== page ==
Several interesting articles have surfaced in the New York Times on the topic of equal sex representation in clinical research, namely The Drug-Dose Gender Gap 1; A New Women’s Issue: Statins 2 and Labs Are Told to Start Including a Neglected Variable: Females 3. Perhaps, these articles caught my attention in particular since I have been flipping through what some may argue is a proponent of today’s feminist reform, Sheryl Sandberg’s best-seller: Lean In. This association got me wondering why, in 2014 – whether it’s in the office, clinical research or wet lab – are we still talking about gender inequality?

Up until the Revitalization Act 4, clinical trial research and participation predominantly focused on men 5. In 1993, the National Institute of Health (NIH) implemented the Revitalization Act to include women in clinical research 5. However, articles (much like those identified above) continue to emerge and question the validity of clinical research results where women have been ignored.

As long as clinical practice continues to extrapolate male-centric data to women rather than including them in clinical trials, women will continue to be at risk for increased adverse drug reactions. For example, a recent study investigating a new sleeping pill proved a dose-drug gender gap 1,6. While it was a new sleeping pill that uncovered the sex differences in drug metabolism, the active ingredient zolpidem has been used in other sleeping products such as Ambien for two decades. It was only after this new study’s findings 1 that the FDA reduced the recommended doses of Ambien for women 7,despite there being numerous complaints of prolonged drowsiness. Zolpidem is only one of the many marketed drugs that have shown unexpected effects in women; sex differences in drug metabolism to aspirin, anesthesia 1, 8 and antithrombotic agents 8,9 have also been reported.

Furthermore, some cardiologists are now left wondering whether so many women should be taking statins 2. Their uncertainty is valid since the new medical guidelines do not provide sex specification and the results of the controversial JUPITER (Justification for the Use of Statins in Primary Prevention: An Intervention Trial Evaluating Rosuvastatin) trial show that there was no significant reduction in heart attacks, strokes and deaths among women 2,10.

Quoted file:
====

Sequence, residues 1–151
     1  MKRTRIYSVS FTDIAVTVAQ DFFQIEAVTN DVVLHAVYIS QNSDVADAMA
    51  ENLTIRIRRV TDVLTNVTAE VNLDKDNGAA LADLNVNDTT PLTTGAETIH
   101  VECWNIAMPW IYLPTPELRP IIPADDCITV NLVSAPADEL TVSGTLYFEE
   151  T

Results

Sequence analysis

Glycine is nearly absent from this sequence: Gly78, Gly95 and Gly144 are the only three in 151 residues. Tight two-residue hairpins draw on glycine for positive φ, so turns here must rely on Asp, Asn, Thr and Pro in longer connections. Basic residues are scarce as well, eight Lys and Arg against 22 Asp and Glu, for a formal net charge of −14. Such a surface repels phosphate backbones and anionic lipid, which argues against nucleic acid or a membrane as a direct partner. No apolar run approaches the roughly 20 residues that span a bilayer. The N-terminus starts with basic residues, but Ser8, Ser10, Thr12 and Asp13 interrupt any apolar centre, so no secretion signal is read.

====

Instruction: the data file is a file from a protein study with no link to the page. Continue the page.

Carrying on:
While researchers are beginning to understand that women and men metabolize drugs differently because of size; percentage of body fat; differences in hormonal fluctuations; the monthly menstrual cycle in women 11; sex differences in liver metabolism, kidney function and certain gastric enzymes 1, preclinical studies continue to focus on male models. In fact, according to Dr Kathryn Sandberg 1, 90 percent of researchers are still studying male animal models of diseases.

Fortunately, the NIH is taking another positive step to sex equality by phasing in new guidelines this coming October 12. The new guidelines will include female cells and animals in preclinical research and will hopefully provide further impetus to include females in the overall drug development process whether it is at the cellular, preclinical or clinical level.

Annie Kim

References

1.       Rabin RC (2013, January 28). The Drug-Dose Gender Gap. The New York Times. Retrieved from http://well.blogs.nytimes.com.

2.       Rabin RC (2014, May 5). A New Women’s Issue: Statins. The New York Times. Retrieved from http://well.blogs.nytimes.com.

3.       Rabin RC (2014, May 14). Labs Are Told to Start Including a Neglected Variable: Females. The New York Times. Retrieved from http://www.nytimes.com.

4.       US Food and Drug Administration. (1993). National Institutes of Health Revitalization Act of 1993. Washington, DC: Author. Retrieved from http://orwh.od.nih.gov/about/pdf/NIH-Revitalization-Act-1993.pdf.

5.       Sherman LA, Temple R, Merkatz RB. (1995). Women in clinical trials: an FDA perspective. Science, 269, 793-795.

6.       US Food and Drug Administration. (2001). Reference ID. Washington, DC: Author. Retrieved from http://www.accessdata.fda.gov/drugsatfda_docs/label/2011/022328lbl.pdf.

7.       Tavernise S. (2013, January 10). Drug Agency Recommends Lower Doses of Sleep Aids for Women. The New York Times. Retrieved from http://www.nytimes.com.

8.       Schiebinger L. (2003, October 1). Women’s health and clinical trials. J Clin Invest, 112(12), 973-977.

9.       Nechas, E, and Foley, D. (1994). Unequal treatment: what you don’t know about how women are mistreated by the medical community. Simon & Schuster Inc. New York, New York, USA. 272 pp. (Should we add the Amazon link here? http://www.amazon.com/Unequal-Treatment-Mistreated-Medical-Community/dp/0671791869)

10.   Ridker, PM et al. (2008). Rosuvastatin to prevent vascular events in men and women with elevated C-reactive protein. N Engl J Med, 359(21), 2195-207.

11.   Whitley H, Lindsey W. (2009). Sex-based differences in drug activity. Am Fam Physician, 80(11), 1254-8.

12.   Janine CA, Francis CS. (2014, May 14). Policy: NIH to balance sex in cell and animal studies. Nature, 509, 282-283.